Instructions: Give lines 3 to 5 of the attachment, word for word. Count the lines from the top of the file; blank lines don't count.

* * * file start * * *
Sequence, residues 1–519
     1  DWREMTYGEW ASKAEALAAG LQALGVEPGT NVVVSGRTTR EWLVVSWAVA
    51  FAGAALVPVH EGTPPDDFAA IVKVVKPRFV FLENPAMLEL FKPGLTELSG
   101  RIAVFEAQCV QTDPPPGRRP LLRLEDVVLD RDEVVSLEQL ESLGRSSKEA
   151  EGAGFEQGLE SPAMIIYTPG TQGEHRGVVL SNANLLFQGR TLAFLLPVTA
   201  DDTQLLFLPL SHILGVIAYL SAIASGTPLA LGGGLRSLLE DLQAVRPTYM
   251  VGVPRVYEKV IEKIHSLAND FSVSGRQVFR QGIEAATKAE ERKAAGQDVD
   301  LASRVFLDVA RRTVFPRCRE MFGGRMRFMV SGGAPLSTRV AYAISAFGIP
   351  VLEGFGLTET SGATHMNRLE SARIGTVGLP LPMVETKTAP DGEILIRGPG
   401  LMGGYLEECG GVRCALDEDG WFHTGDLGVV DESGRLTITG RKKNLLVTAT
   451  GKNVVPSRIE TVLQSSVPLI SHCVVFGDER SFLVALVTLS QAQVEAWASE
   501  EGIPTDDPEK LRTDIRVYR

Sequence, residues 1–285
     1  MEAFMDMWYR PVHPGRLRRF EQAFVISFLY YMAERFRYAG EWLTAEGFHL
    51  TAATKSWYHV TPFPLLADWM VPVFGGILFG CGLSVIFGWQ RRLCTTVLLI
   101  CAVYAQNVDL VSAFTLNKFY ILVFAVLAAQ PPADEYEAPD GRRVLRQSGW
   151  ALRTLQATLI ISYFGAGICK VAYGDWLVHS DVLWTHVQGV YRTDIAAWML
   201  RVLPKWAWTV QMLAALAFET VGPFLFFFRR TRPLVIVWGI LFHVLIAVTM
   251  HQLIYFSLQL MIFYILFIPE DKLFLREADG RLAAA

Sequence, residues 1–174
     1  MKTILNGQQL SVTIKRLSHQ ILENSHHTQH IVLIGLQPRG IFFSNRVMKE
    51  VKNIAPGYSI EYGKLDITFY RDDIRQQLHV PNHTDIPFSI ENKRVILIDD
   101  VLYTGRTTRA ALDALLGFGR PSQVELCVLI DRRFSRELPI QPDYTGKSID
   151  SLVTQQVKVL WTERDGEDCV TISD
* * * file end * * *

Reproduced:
    51  FAGAALVPVH EGTPPDDFAA IVKVVKPRFV FLENPAMLEL FKPGLTELSG
   101  RIAVFEAQCV QTDPPPGRRP LLRLEDVVLD RDEVVSLEQL ESLGRSSKEA
   151  EGAGFEQGLE SPAMIIYTPG TQGEHRGVVL SNANLLFQGR TLAFLLPVTA